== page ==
Kirkus Reviews

Accomplished, chilling account of the murderous growth of Mexican drug cartels.

Mexico City–based journalist Grillo has reported from the region since 2001; his experience is evident in his easy, wry familiarity with the political and social currents of Latin America. He argues that "the Mexican Drug War is inextricably linked to the democratic transition" of 2000, in that the country's recently elected governments were unprepared to contend with ruthless criminal gangs that had complex regional feuds and allegiances. Grillo examines how the violence of the last several years has exploded in a comprehensible and even predictable way: "Residents of northern Mexico have not turned into psychotic killers overnight after drinking bad water. This violence exploded and escalated over a clear time frame." Beginning with the Zetas' recruitment of soldiers in the late 1990s, the author argues that gangsters concluded they could outgun the forces of order. The war that followed, over territory and smuggling routes, pitted Sinaloan gangsters, who'd traditionally managed cannabis and opiate production, against the upstart northeast gangs, and cycles of horrifying bloodshed have followed ever since, with an estimated 35,000 dead. Unfortunately for everyone, the nascent democratic government was persuaded to adopt the American "drug war" model, resulting in a startling deterioration of the social fabric—retaliatory actions by gangsters have resulted in numerous massacres, including attacks on civilians and police officers. Yet seizure rates prove that the cartels "can still operate at full capacity while they fight bloody battles," suggesting a shocking futility at the heart of the violence. Grillo even documents how Mexican culture has been transformed, discussing dark "narco religions" and the violent yet jauntynarcocorridomusic.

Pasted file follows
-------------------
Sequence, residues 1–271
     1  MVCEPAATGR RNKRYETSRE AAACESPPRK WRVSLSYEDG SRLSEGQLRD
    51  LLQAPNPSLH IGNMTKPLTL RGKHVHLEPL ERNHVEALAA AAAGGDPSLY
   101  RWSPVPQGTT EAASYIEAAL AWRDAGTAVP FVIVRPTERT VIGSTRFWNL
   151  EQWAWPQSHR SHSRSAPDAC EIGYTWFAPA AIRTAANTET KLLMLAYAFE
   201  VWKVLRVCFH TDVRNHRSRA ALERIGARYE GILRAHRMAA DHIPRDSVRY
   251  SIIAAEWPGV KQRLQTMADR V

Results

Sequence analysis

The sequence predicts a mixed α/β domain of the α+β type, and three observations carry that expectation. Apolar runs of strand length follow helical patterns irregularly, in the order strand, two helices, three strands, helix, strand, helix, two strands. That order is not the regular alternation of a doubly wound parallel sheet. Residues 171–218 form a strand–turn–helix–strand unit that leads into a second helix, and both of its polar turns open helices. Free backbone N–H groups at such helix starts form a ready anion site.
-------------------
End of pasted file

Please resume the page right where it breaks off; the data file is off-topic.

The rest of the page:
A valuable contribution to the literature of the Drug War.

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Product Details

  • ISBN-13: 9781608194018
  • Publisher: Bloomsbury USA
  • Publication date: 11/13/2012
  • Edition number: 1
  • Pages: 336
  • Sales rank: 192,262
  • Product dimensions: 5.64 (w) x 8.04 (h) x 0.92 (d)

Meet the Author

Ioan Grillo has covered Mexico since 2001 for top newspapers, magazines, and TV stations in the U.S. and the UK. He reports for Time as well as producing presentations for PBS, ABC, and Channel 4 (UK). He regularly appears on radio and TV, commenting on Mexican crime and other issues. He has witnessed police and military operations, mafia killings and major drug seizures; he has discussed the drug war with two Mexican presidents, three attorneys general, and the U.S. ambassador to Mexico, among others.